Internet Payments

Secure & Reliable

Your data is encrypted and secure with us.
Godaddyseal image
VeraSafe Security Seal

Lethbridge Herald Newspaper Archives

- Page 7

Join us for 7 days to view your results

Enter your details to get started

or Login

What will you discover?

  • 108,666,265 Obituaries
  • 86,129,063 Archives
  • Birth & Marriages
  • Arrests & legal notices
  • And so much more
Issue Date:
Pages Available: 16

Search All United States newspapers

Research your ancestors and family tree, historical events, famous people and so much more!

Browse U.S. Newspaper Archives

googlemap

Select the state you are looking for from the map or the list below

OCR Text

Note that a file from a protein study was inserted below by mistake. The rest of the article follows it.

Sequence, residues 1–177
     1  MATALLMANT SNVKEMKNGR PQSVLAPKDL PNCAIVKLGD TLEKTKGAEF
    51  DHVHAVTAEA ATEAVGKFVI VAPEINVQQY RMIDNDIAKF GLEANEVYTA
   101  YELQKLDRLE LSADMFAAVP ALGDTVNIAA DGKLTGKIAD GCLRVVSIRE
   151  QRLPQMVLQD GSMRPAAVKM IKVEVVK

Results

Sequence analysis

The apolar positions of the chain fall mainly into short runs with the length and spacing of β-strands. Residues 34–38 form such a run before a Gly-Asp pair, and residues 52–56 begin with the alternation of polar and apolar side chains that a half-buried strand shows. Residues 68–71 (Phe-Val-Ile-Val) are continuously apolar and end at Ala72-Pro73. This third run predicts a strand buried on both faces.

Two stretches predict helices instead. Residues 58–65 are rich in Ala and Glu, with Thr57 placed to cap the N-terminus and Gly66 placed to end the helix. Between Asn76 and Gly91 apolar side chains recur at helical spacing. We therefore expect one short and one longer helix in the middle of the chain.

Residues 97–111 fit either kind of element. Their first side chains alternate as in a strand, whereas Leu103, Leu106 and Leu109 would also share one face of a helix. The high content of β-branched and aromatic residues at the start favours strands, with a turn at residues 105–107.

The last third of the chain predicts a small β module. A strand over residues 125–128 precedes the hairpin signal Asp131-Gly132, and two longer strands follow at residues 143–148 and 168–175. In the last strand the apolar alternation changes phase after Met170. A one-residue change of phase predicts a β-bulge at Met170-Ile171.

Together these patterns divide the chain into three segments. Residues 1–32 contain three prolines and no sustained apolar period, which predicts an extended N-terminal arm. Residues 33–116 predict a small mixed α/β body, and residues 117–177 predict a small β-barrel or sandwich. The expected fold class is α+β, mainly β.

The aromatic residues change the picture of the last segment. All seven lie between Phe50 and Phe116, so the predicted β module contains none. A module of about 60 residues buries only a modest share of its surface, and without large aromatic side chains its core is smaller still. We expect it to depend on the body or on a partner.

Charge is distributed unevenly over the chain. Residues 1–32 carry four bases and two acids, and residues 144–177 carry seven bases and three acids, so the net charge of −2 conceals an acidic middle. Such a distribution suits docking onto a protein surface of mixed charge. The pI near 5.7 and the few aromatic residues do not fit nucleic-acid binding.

Lethbridge Herald, The (Newspaper) - December 23, 1916, Lethbridge, Alberta 1010 _ THE.-. LKTHBRHJGE .DAILY HK1ULD PAGE SEVEN promises t" n'livo 'unb 'for nomo time to .come, mid the following explanation prove of use v At the present llmo all train In Canadl'is sold'on grade. The Sin act exactly what bo the rociuii-omont for No. Hard aurt NOB: 1, 2 and Northern, known a clal grades fixed W the G a n (By F. 0. Smith of >fO. Tho (iiiosllon is being frequently Hiked, "Does-it pay to try to raiso tnme snwsos under dry farmliiE m the BOUlli country.' Furthermore u it can bo done, how and what kind of CHOICE PORK WITHOUT GRAIN A POSSIBILITY Edmonton Bulletin: At a, time when men's uro Uirnlni; to tiie possibilities ot funning on iv scale in this section of Alberta it li interesting to note what measure ot success may be won In a modest way by a mere novice in the art of agri- culture on a ton-aero plot ot si-omul A matter of ten acres in a field oil the average quarter or half section does not seeiii-ci'uirgcd with big DOS sibilities in the 'direction of I'amilj maintenance and independence, hui al least one Scotsman not fur fron the city has demonstrated that evei no tipping Hi" ccaleB at 19.! jiouiidH, ho other at 155 ,Thn obtained or this pork was S52.50. and there- iv hangs a hogs never liitl ft drink 'at Water and wore led jut" two huge of chopped oats and one Mr of shorts. Lost II. he assumed hat they fattened ou Alberta almos- ihoro it may lie explained that mint, green feed and room, principally po- aloes, constituted the wain rations of their lives The animals were closolv penned and worn led but twice'daily, weeds ami grass nulled from the garden taking the place of many grain-fed hoss of an April Httor can bo shown which dressed near the 200-poiiml mark in December'.' THE and If "you don't believe It ask Hill being employed! in this city for soni iHc Pupils of all Teachers of Music. The Annual Eliminations in Practical Music and Theory will be held throusholit. Canada In May and June 1917. An eiamin- ntloii in Theory only will he held November iilh 1916, application to he umde by October An exhibition value about offered annually also 2 OoU and s Silver Medals. Syllabus, Music for the examinations and all particulars may be obtained on opplica- tion to tl. WAKING 777 Staler Snut.Hnitlial. (Resident Secretary lor Canada.) Parents and Teacheis wiphiiiE Io enter tlieir pnpils for these examinations shouhl conimnnicr.te will! the Secretary at once ami bave tlwic uiuiies placed on mailuiE list, o m the graue cei iu" uver 1-nowiiiK that if he thoroughly disced and harrowed To 01 ten thev vill be all' according to the grade on which he has purchased them If the mrung! privilege the producer will suiter by the change of method The railway ire strong Iv opposed to samnio markets, on the ground that the delay in sampling and stow-over privileges on cais will senouslv reduce efficiencj ot move ment at those seasons ot the year when tlie movement of is large and histe importance :h'c siring. I would do yea is of the utmost WILD OATS The weed proDiem.i--.oae ot the i ihird j nine. either this or else, plow it tip run and re-seed It won t do to let it If >ou do pretly soon you won c get much hav Xow biothei faimeis 3Us tiv this out If J on have not much iaith in it tr> in a small wns hut I believe uerj firmei in this so called diy belt in tho south can iiiie an ahundanee ot tame hay and the> should do it md then feed It to their own stock. Raise haj get stock and von wont be son ing 'large crops of wheat, and inflat- ed prices wont alwaj's last block is more icl and m the long lun the most profitable. FARMS FOR SALE xne >VGeu i" n---- most serious confronting the Cana dian formers today Some weeds are troublesome in even province while others cause most loss where gran farming i" exclusively mactised Wild oats aie a terrible pest in the prairie provinces and, nlllbt be dealt with ear nestls in order to keep them under control _ method! are advocated for eradication but one of the very best is the fallow and fall rye method practised and recommended b> one of the oldest and most successful far mers of the Nortiiweat The infested field should be ploughed deenls (seven or eight inches if pos sible) as soon as spring seeding is over, and each day's ploughing har- rowed ab plOJghed As each erop of oats appears it should cultivated or disced up to the 10th or-12th of August when tho field should be giv an a final preparation and seeded about Aug. 15th, at tho rate ot one and one-qnorter bushels of fall and packed or harrowed after seeding The germinate with the ryo will he winterkilled nnd Ihose com ing up in the not ripen he fore the rjo is lead} to nil-rest The better tile soil is cultivated and pre pared to thSfe ciop the V II -.1 13 has been coming lii idilSfos Stbck up with molasses5- tyttyilvay that her (i hiisbaifa.fe con -loy to of sweetness tiie 540 degrees. Nevertheless, tho aver- ago daily gain per sleet undei tho various outside shelters was 1.66 pounds. It is obvious from the above results tint the 'liiestion of buildings need not deter a man from entering the Ine stock business, Feeders do relatively bottei outside than when housed in expensive liarns "VMth pnine 1m at ?10 00 per ton and fecfl gram at cent's per pound or pei ton a fair av erige profit maj bo realised each veai witli manure is i hi product A market is thus pto foi tho rough feeds ind low trade griin on the farm Whpio natural shelters Well OS gciub a'nd brusll are not available ft conal with "a, hoawl feneo about aoven feet high and a rough covered shed so.utn? w.ill P artrtn miffieient shelterf from tlie weather I hesa shelters aio easih and chcaplj coiMri wed average farm and will be Mnd satis taetoiy for all clufsfes dfJtve stork. Well fed cattle are not averse to cold, weather prpyidihg .thoy can get but M the wind Tlje sheii and also a space f in front should he kept well Bedded with straw and i the cattle will to front The C. B. Bowman Agency ESTABLISHED .1891, Grain Insurance MR. FARMER PROTECT YOUR YEAR'S WORK. We will Iniure gram In buildmas, by the da'y, week or month, and when sold the policies can bf cancelled and a refund allowed Insure in an Agency that will be in Uusiness to kok after- your Interests if a dalm is made. Our Agency has carried on business for'over 25 ye'ars'aud li permanent. ACADIA BUILDING LfiTHBRIDQE, ALTA. 1325 st-ly Slices. And CF Is By. iers In Bad'Weather Rubbers and Overshoes Practically, The Only Things That are About the Same Price as Before the War Have you Sought a pair of shoes lately, either for yourself-or, for one of the children? If you have, you will realise ;just hovy expensiye leather is now. It is scarce, arid getting the soldiers are needing enormous quantities for shoes and equip- ment. Clearly it is-a duty, asf common sense, to save shoes in every The best way, of course, is to wear rubbers whenever it is wet or snowy overhead or underfoot. Nothing rots and cra-.ks shoe leather like getting it wet, particularly if it is none too good, Bs is often the' case now, even m high-priced shoes. It is fortunate, indeed, that rubbers have not joined the general upward movement. Crude rubber, in fact, cbsts no before the war thanks to Great Britain's benevolent control So, m spites of the, to 100% increased the cost of cotton and other-materials used in rubbers, prices are still normal. As a pair of rubbers, costing 60c to almost double the life of a pair of shoes costing eight.or ten times as much, there would be no doubt about the economy of .wearing them, even if they did not save many a cold, and worse the attendant expense and loss of time. But saving shoes is more -than private is public service! The leather so thoughtlessly wasted is needed at the help win the war, and saving it for that service is real, practical patriotism. Every Member Of Your, family Should Weiar Rubbers This Winter ;